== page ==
Allow a Proper Amount of Time
People with dementia require additional time in order to process information. They have to be given ample time to engage in eating and self-feeding tasks as well as time to chew, especially if they have poor dentition. It is important for home care providers to understand that meal time is not a race. Let your loved one or client dictate the pace of the meal.
Dementia can cause visual disturbance for people that suffer from it. These visual disturbances can include an inability to see color, judge depth, and interpret information. That's why it's important to make sure materials and assistive devices provide high contrast from the surrounding environment when engaging in key activities of daily living. This is especially important for plates and silverware.
When serving meals to those dealing with cognitive impairment such as dementia be sure not to present multiple choices at once. Caregivers should be careful not to put the person in a state of sensory overload. Offer no more than two items at any one time and structure the meal as if you're providing courses or additions to the entrée.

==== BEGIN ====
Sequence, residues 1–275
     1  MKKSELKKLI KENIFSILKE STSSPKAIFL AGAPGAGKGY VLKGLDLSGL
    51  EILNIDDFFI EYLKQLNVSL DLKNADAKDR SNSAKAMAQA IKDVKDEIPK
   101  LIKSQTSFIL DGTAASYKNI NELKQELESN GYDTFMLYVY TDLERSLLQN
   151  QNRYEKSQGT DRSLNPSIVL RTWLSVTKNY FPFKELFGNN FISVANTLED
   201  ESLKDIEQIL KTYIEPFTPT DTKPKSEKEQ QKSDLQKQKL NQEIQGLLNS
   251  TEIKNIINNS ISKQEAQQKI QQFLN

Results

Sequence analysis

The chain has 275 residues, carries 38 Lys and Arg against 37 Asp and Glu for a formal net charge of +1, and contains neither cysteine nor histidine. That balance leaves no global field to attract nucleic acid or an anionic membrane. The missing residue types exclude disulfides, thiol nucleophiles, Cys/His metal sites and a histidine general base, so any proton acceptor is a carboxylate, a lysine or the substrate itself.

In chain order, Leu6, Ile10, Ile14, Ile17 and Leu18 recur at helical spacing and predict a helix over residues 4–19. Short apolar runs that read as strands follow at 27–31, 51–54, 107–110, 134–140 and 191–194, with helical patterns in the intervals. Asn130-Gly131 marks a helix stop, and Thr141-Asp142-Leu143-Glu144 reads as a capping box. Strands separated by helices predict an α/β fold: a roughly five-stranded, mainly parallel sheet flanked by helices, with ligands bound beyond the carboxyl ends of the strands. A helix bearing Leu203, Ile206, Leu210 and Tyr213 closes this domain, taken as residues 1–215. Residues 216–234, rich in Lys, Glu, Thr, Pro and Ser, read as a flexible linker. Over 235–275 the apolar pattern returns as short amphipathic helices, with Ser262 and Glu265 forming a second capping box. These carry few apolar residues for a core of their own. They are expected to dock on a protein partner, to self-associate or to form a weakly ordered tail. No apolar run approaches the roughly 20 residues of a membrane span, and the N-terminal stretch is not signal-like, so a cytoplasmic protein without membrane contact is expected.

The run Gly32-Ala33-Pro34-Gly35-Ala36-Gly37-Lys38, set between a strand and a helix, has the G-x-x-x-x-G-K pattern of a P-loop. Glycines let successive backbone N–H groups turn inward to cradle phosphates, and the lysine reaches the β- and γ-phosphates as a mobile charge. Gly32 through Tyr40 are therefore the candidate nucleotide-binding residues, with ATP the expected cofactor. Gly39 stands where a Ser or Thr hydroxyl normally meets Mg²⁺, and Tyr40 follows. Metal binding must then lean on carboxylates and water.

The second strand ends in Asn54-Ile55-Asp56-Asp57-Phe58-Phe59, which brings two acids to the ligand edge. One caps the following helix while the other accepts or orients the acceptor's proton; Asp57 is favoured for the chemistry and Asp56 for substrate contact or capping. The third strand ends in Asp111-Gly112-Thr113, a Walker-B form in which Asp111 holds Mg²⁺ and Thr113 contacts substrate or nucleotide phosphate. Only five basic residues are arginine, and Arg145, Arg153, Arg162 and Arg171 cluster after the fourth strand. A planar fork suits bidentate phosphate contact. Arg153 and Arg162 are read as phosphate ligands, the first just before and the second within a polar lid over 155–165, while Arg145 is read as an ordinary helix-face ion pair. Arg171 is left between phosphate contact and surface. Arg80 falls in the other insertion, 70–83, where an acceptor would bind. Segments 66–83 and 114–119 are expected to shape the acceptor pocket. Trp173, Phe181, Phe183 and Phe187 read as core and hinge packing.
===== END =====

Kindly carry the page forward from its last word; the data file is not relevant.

For those providing around-the-clock care and senior companionship, it is essential to have an awareness of a person's level of activity throughout the day as well as any medications that they are on. Both these factors can greatly influence the person with dementia's appetite. Arming yourself with this important information can help you prepare meals and structure mealtime to better serve your client.
Loved ones who are suffering from a dementia diagnosis require a special touch. Sometimes even the smallest activities of daily living can be a struggle to get through. It takes a healthy amount of compassion and patience to provide consistent senior care, especially during mealtime for people with dementia. Senior Helpers specially trained in-home caregivers can help your loved one gracefully age in place. Contact us today to learn more about our Senior GEMS dementia care service.